• Never met them in the computer vision and image processing for example.

            On the other hand, I meet them all the time in statistical programming, which makes me think that as image processing algorithms get more probabilistically based, speedups like the one discussed here may be very useful to people working in your field. I know they will be in mine, and I'm looking forward to seeing practical implementations.

          • Sadly, too true. In my experience given the kind of covariance matrices that result from measures taken on fish, condition numbers of such matrices almost enter into a world of intractability, but not quite, so the choice of methods becomes quite important. The difficult is learning enough of the underlying mathematics to understand precisely how to choose among various potential methods and in being able to generate enough data to make it possible to obtain sufficiently stable covariance matrices to begi

            • If the condition number is very high, all this means is that the matrix is semi-definite, which tells you that some of your random variables are actually linear combinations of others. A conjugate gradient solver should be able to compute the minimum-norm solution for you easily. Or do PCA; this'll directly tell you what the independent variables are (all the components corresponding to nonzero eigenvalues), and you can just use those coordinates and work with a smaller, full-rank matrix.
          • SSD - symmetric diagonally dominant

            No, SSD is Solid State Drive, which is certainly a more common term to see on Slashdot than SDD. I had to read the summary a couple of times before I realized it was talking about mathematical arrays rather than persistent memory arrays. Then it made a lot more sense! :)

          • To give some examples of places where this does matter... Anything that "feels" like heat flow or diffusion.

            • The computer graphics problem of radiosity rendering (where light makes multiple bounces.)
            • Solving for voltages in a resistor network with various sources in it.
            • Computing the pressure induced in an incompressible fluid by a force field (a key step in fluid simulation).

            In all of the above examples, you're inverting a matrix known, depending on the field, as either the graph Laplacian, or the admittanc

          • by emt377 ( 610337 )

            SSD - symmetric diagonally dominant, mean the diagonal element is more the sum of abs all the rest in the row. That is a very strong condition, which happen in very specific applications. Never met them in the computer vision and image processing for example.

            I'm not familiar with using linear systems for simulations, but I would guess that any system that models inertia would end up SDD. Meaning a bias towards the existing state rather than any other cell's/particle's state. This is very different from imaging or audio, where the convolution for e.g. diffraction rings or echo cancellation isn't SDD.

        • Are covariance matrices SDDs?

          I think SDD is sufficient for positive definiteness, and therefore for a matrix to be a valid covariance matrix, but not necessary. Anyone got an answer on this?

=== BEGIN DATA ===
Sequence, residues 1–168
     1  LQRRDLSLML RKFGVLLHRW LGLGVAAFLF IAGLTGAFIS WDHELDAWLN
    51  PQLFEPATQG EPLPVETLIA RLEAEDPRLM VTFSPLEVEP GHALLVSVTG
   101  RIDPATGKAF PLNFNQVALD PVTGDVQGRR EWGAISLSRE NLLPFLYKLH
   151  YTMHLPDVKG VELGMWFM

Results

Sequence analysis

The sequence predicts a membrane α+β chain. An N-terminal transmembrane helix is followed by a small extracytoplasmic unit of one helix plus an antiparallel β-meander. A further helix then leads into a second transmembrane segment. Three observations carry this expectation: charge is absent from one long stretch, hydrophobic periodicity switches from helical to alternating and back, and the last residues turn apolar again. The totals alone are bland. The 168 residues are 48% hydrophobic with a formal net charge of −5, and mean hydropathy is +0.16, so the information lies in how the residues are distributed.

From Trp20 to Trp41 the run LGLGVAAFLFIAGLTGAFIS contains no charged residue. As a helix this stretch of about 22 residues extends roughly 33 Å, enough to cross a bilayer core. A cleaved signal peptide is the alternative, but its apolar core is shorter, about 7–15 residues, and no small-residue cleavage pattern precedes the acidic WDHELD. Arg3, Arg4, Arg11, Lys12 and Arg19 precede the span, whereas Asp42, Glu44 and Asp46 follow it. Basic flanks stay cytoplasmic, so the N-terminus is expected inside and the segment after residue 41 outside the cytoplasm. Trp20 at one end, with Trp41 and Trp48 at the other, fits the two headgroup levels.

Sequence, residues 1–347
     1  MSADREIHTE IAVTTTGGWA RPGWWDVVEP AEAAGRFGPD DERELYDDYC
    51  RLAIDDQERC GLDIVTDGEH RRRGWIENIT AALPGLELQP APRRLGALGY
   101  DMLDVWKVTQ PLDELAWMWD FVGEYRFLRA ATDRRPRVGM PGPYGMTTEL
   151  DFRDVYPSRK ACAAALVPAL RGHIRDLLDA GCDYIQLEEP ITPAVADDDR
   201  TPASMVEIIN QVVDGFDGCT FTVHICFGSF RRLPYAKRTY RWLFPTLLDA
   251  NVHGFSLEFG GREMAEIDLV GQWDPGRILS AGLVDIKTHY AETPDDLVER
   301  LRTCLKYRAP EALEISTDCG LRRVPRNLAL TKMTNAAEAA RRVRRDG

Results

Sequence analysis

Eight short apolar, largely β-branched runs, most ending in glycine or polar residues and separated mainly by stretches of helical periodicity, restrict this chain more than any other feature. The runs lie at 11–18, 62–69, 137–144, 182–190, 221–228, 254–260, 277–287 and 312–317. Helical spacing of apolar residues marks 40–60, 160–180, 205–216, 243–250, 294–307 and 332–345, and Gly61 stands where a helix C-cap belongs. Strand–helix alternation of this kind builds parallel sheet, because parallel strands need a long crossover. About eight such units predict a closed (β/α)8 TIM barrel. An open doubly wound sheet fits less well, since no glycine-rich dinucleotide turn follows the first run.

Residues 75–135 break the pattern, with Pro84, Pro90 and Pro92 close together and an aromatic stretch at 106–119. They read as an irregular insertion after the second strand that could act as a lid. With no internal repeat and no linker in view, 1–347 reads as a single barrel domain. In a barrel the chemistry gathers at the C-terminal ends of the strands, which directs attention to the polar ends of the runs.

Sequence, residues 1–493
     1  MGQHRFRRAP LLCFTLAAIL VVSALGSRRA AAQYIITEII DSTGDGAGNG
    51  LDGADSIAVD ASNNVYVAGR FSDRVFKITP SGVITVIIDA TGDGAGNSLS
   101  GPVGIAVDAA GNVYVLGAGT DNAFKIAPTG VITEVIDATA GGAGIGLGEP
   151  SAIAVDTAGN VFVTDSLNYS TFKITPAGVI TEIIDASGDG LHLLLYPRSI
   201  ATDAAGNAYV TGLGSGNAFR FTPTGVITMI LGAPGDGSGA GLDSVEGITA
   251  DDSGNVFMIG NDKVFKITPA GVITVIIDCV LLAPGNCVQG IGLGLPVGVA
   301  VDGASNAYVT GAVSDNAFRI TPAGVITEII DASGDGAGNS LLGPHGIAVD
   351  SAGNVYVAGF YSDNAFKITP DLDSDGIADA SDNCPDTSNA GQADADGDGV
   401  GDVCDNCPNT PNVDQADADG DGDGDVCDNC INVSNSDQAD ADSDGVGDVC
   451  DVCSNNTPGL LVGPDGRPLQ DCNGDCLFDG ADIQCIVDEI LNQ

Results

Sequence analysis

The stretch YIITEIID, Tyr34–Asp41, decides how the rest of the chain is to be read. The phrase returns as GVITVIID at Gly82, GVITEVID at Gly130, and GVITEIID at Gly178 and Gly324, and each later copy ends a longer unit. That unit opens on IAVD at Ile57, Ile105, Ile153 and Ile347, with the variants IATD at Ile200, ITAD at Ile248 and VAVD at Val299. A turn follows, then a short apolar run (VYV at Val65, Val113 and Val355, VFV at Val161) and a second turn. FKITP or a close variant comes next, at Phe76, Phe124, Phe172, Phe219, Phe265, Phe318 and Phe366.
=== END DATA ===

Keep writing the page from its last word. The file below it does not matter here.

• Really close.

            Diagonally dominant ==> positive semidefinite

            Strictly diagonally dominant ==> positive definite

            For understanding these things, I really like Gershgorin's circles [].

            In terms of random variables... It's possible for a covariance matrix to be only positive semidefinite. E.g., consider a zero-mean random variable x, with E(x^2)=1, and another one y = cx, with c a constant. Then the covariance matrix is [[1 c][c c^2]], which is not full rank (the second column is just 'c' times the

            • Okay, thanks, that makes sense. (The covariance matrix of strictly linearly dependent r.v.s is kind of a degenerate case, though.) My main question is about implication in the other direction; I believe that DD ==> PSD and SDD ==> PD, but I'm guessing that the inverse is not true, i.e. PSD =/=> DD and PD =/=> SDD.

              • Yeah, the converse is not true in general.

                [ 4 -2 5 ]
                M = [ -2 5 -5 ]
                [ 5 -5 9 ]

                It's PD but EVERY row violates the diagonal dominance property.

                Basically, PD matrices are Grammians -- there exist vectors such that the elements of the matrix are the inner products of those vectors -- and, if you pick a bunch of vectors that are linearly-independent-but-not
      • Can't agree with you more. I've struggled to better understand linear algebra for quite some time and found Strang's clarity on the subject of tremendous help. The way he takes you from elementary ideas to the important concepts associate with SVD is truly worth paying close attention to. It makes a lot of seemingly disjunct ideas come together in a meaningful way.

        I only wish there were more additional advanced lecture series to follow up on where his two lecture series leave off.

    • let me summarize: the same math that drives google's search (spectral graph theory) has been shown to be really useful in solving a very common class of linear equations if you're willing to roll the dice (randomize algorithm).

    • props to eldavojohn too - most of the stuff he posts is interesting, and the summaries are usually good too.